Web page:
There are so many interesting individual moments to stop and appreciate when listening to "Medulla." Without being enslaved by the noisy electronica and required chorus repetitions of her old work, it is Bjork's bare and beautiful voice which has to carry the weight, and it does. Strong and powerful wailing, or soft and intimate as if she is speaking to you eye to eye, the performance is mesmerizing. The moments these vocals are backed by The Icelandic Choir and The London Choir remain my favorite. "Oceania" is one of the most amazing songs I've ever heard, with the choirs creating these cries and joyful exclamations of little ocean fish and plants (as per the video), the sound is just other-wordly. I believe Bjork was pregnant with her second child when she recorded this and I wonder if this was a large factor in her inspiration. "Vokuro" is so calming, feeling like some long lost spiritual piece. It closes with a second piece of lighter fare in "Triumph of a Heart" which is the only track on this album I would have probably left off, it sounds like the old dance-pop Bjork and is a letdown after what preceded it.

I love "Medulla" and along with "Vespertine" you have the two strongest albums from Bjork. Both belong in the collection of anyone who appreciates adventurous, imaginative music. Those who scoff at Bjork for being just a "pop" music churner have never heard "Medulla." Or if they have, they have a different definition of fluff than I do. So forget about "Post" and "Homogenic" (at least for now) and check out Bjork's real treasures, which were made in the 2000s.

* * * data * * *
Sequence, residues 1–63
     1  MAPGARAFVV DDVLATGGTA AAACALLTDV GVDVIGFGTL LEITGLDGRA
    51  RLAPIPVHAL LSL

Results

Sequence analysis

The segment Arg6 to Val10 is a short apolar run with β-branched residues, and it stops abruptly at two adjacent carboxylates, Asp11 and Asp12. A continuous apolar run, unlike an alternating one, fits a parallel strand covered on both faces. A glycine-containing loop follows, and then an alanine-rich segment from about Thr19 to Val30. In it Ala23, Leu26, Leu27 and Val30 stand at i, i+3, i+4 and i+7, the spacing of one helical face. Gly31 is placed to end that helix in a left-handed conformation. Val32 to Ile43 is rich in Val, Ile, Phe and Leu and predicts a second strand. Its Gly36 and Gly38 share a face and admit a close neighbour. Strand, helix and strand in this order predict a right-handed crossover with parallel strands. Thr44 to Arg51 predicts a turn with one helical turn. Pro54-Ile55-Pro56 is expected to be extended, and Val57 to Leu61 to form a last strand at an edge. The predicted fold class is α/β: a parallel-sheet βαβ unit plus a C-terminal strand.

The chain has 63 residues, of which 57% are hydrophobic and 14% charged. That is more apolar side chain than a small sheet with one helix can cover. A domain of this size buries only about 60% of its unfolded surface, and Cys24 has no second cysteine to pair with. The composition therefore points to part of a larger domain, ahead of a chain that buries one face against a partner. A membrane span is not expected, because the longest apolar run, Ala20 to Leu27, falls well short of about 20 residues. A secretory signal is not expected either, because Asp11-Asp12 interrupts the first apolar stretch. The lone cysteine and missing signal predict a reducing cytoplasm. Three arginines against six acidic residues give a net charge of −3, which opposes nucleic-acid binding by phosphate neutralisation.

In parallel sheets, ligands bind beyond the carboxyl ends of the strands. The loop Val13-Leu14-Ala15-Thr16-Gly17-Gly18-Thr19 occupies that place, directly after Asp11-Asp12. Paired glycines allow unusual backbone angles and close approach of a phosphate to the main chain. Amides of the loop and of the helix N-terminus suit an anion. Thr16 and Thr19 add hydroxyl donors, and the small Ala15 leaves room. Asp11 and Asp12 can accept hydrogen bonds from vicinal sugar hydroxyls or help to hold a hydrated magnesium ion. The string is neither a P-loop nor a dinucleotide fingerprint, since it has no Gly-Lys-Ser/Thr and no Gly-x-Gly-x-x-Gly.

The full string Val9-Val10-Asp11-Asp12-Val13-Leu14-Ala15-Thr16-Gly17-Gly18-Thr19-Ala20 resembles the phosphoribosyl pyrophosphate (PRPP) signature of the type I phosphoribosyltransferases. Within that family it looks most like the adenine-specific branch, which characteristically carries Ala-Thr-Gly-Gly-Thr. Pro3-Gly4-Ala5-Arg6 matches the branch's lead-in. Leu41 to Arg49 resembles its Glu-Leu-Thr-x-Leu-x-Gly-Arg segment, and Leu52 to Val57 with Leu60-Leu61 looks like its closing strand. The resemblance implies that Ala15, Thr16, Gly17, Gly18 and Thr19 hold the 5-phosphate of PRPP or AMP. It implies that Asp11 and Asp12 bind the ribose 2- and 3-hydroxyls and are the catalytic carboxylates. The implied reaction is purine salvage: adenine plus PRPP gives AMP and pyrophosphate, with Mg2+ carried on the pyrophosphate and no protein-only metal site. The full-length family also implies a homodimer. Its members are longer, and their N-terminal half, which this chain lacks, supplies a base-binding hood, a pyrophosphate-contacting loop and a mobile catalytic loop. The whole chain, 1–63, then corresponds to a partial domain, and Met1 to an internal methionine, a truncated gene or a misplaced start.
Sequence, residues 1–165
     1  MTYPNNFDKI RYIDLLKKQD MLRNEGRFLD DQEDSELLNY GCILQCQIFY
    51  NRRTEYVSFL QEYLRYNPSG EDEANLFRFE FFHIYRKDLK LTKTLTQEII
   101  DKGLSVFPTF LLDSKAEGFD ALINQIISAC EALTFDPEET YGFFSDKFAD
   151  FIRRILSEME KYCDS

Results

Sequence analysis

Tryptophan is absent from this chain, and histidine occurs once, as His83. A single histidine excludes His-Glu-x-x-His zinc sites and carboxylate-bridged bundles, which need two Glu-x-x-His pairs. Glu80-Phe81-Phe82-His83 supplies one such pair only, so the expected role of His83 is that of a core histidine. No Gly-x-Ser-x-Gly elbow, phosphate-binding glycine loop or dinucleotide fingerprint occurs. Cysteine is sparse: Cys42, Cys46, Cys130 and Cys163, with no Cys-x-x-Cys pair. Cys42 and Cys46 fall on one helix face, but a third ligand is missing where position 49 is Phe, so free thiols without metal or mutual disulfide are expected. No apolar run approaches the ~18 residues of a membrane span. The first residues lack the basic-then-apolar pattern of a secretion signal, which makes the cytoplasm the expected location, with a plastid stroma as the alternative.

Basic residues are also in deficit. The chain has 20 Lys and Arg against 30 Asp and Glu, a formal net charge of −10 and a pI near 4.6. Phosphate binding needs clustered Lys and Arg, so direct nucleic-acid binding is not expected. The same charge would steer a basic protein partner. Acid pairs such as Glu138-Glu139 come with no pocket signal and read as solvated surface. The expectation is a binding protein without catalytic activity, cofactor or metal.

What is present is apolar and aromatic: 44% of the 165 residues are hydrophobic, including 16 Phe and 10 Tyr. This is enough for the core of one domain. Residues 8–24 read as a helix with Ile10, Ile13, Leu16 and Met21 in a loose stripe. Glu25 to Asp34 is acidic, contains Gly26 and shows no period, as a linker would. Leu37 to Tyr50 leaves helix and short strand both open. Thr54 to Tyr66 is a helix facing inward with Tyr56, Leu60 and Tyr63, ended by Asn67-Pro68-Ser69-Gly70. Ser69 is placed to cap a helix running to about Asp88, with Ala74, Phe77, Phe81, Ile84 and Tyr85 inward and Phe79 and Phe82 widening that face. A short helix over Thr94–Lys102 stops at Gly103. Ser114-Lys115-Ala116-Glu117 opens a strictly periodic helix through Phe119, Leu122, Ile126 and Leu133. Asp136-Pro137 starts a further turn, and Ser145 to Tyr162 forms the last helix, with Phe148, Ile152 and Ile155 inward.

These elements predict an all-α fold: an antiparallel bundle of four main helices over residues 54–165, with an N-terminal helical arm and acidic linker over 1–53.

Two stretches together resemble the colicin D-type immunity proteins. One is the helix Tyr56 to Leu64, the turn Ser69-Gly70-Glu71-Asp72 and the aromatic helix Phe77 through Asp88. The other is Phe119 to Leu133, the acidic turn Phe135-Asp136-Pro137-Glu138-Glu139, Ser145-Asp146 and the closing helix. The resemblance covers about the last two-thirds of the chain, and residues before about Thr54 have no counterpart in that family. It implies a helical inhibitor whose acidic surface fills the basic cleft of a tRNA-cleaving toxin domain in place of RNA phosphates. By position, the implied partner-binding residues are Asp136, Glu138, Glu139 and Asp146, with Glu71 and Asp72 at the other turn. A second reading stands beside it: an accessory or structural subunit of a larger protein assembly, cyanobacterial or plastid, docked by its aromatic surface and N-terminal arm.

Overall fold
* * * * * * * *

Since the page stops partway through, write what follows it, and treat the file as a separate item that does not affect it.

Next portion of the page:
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Send comments to Finnforest (BETA) | Report this review (#379695)
Posted Thursday, January 13, 2011 | Review Permalink
5 stars I think I've mentioned a few times that I am in fact in love with Bjork and also that she is a genius.

But besides that, I will review the last album of her's that I bought, which will complete my wee Bjork collection. And I was so happy to find this is in a second hand shop for about ú4...I was fizzing with joy.

This album is one of her most out there releases, for the album is based on...vocals...

I know it seems weird, but this mainly accapella based album...is astounding. This really is something of a higher musical calibre and is one of the most unique albums I have ever heard.

Now acapella music at times can be quite dull and not really showing any qualities, but this really does show that Bjorks voice is an instrument in its self.

Their is the odd beats and synths now and then, but the main focus is vocals.

This album also sees a slight change for Bjork, where she strays from the 10-12 track album, and also has a few interludey like moments.

1. Pleasure Is All Mine - Very eerie and beautiful. The vocals are amazing. The harmonies are very focusing. 10/10

2. Show Me Forgiveness - Beautiful vocal interlude. Shows the ability of Bjorks voice. 9/10

3. Where Is The Line - What an amazing arrangment. Just shows her genius. The beats are also very IDM. 10/10

4. V÷kurˇ - Very medieval like choral structures. Very beautiful arrangment. Simple but serene. 10/10

5. Íll Birtan - A mash of vocals & little nice noises. 9/10

6. Who Is It - The intro shows how much technical ability Bjork can do with her voice. So happy & joyful. Amazing chorus. 10/10